As students applied and renewed their organizations Â in January, they faced a newly implemented policy to have at least 10 students on their roster at the time of registration. The policy serves to maintain healthy student organizations.
â€œWe had a number of organizations who were around two to three people and thatâ€™s not really an organization. Two or three students that have a common interest, thatâ€™s great and they can be friends and enjoy that, but the thought was they probably arenâ€™t getting the most out of our resources, nor do they need our resources to do what they are doing and have a common interest,â€ said Becka Bovio, coordinator for student programs.
Ten student organizations registered in January with fewer than 10 members, serving as examples of how Â the rule can be broken.
â€œThere are definitely exceptions: if there is an organization that clearly uses our resources, and is really active and engaged in the campus and community, of course we arenâ€™t going to say no just because you donâ€™t have 10 members,â€ Bovio said. â€œWe want those smaller organizations to continue to thrive and use our resources.â€
Around 18 fewer student organizations registered this year. Bovio thinks some of that has to do with the new policy and member requirementâ€”but that isnâ€™t necessarily a bad thing.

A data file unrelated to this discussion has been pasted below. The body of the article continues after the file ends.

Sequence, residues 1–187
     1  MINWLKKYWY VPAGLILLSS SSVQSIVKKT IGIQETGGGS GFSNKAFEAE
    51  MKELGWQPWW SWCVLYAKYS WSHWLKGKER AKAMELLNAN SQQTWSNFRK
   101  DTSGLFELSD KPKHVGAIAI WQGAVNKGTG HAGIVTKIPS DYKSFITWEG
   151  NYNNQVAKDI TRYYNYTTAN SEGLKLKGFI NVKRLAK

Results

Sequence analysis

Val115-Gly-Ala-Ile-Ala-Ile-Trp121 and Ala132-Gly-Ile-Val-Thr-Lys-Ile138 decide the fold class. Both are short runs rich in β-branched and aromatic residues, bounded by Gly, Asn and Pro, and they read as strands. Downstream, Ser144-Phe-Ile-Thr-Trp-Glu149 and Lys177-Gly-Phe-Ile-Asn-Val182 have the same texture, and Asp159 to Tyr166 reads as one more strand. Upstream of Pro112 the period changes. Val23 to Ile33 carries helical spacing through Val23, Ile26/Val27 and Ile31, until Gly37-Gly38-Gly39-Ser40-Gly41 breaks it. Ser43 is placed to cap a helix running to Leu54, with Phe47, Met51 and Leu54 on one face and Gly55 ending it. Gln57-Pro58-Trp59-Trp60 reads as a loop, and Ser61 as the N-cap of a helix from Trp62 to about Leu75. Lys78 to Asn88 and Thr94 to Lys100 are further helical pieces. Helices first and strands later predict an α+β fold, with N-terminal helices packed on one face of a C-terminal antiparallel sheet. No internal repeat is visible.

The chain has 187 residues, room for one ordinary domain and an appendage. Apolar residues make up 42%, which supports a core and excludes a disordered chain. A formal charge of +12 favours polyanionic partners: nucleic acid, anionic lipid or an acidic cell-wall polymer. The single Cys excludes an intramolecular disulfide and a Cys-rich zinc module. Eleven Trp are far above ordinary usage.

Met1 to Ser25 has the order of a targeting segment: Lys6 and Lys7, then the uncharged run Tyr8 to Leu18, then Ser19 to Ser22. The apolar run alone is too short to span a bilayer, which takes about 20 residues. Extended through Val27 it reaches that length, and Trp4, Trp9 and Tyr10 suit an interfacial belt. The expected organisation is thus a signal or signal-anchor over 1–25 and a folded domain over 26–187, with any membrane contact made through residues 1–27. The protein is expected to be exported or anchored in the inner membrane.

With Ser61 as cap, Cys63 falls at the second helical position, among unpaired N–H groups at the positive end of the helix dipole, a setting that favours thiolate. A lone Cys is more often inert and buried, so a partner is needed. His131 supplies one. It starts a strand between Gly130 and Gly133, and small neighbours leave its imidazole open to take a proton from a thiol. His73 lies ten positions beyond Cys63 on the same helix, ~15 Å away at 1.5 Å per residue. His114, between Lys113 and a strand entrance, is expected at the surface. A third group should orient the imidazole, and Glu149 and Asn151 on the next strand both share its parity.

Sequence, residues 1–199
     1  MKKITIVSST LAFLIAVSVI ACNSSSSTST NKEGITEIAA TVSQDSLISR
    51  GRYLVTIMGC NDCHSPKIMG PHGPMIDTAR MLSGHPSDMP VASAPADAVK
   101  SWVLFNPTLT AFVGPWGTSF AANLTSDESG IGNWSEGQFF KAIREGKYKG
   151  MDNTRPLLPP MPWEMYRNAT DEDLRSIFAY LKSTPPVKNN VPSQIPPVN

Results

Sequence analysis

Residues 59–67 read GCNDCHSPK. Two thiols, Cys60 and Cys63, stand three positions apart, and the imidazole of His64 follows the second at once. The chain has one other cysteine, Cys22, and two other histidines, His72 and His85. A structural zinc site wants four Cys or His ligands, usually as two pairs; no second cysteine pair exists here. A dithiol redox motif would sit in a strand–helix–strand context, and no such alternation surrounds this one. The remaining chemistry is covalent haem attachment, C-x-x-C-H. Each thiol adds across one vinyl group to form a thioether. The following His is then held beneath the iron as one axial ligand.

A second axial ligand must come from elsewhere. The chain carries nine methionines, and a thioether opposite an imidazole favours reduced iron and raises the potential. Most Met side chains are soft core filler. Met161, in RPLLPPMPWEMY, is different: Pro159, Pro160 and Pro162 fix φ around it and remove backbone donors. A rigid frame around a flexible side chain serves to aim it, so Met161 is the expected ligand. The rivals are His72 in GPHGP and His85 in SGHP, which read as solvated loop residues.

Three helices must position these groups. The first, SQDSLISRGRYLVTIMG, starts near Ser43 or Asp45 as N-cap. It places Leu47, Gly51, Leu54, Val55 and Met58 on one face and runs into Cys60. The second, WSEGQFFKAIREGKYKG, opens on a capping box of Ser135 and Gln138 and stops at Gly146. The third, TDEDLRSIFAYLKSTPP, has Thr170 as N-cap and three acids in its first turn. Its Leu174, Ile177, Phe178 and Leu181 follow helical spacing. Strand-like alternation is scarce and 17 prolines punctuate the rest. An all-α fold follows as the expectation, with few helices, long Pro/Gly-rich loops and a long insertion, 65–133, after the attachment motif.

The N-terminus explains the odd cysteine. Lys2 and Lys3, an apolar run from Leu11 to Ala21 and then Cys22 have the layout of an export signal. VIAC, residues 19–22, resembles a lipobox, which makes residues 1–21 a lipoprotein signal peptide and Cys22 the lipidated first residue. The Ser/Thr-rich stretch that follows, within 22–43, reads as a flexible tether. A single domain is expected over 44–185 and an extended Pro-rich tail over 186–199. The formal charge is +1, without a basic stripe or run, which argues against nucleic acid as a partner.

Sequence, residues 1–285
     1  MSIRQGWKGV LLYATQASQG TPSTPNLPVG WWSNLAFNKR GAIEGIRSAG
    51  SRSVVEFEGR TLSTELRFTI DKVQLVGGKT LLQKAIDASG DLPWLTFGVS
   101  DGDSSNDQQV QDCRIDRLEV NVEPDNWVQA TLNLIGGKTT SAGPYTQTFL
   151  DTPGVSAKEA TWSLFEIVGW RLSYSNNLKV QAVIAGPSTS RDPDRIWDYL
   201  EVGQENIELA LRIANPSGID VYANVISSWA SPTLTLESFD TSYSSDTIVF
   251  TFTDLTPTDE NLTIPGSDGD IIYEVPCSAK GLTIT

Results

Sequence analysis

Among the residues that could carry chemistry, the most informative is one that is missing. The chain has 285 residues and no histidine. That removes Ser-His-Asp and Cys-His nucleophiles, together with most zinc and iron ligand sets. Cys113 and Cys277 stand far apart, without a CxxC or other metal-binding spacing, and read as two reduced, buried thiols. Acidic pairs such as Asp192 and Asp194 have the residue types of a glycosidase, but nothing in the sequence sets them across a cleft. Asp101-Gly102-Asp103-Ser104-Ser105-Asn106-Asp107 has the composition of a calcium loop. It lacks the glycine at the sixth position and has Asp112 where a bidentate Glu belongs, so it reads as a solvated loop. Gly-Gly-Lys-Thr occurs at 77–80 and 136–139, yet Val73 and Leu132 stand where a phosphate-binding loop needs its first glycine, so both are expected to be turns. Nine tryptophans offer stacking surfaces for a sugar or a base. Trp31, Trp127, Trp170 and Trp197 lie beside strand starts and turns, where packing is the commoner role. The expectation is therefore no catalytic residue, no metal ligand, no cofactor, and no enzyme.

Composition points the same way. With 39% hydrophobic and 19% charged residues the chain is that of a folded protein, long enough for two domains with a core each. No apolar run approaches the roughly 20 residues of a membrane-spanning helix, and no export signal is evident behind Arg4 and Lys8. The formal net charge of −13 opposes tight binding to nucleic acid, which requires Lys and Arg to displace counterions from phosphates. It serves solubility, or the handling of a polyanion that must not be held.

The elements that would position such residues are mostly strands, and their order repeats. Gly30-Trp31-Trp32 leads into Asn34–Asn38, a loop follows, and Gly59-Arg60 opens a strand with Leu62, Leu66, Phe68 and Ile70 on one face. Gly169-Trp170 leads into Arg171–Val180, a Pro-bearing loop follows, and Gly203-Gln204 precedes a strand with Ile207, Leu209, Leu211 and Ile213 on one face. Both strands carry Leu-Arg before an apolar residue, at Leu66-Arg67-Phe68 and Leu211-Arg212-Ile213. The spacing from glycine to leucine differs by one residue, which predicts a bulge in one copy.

The Student Involvement Office exists as a resource for student organizations and Bovio wants to ensure all clubs are making the best use of those resources and actively participating in the Trinity community rather than just skating by.
â€œWe understand that the number of students in an organization is in flux, but if they have some semblance of a following it just makes for a healthier organization. This wasnâ€™t meant to be a punishment or random requirement, but it is meant to be for the health of an organization,â€ Bovio said.
Bovio made it clear to all student organizations facing retirement due to the new policy that they could talk to her and figure out a solution to recruit students more effectively.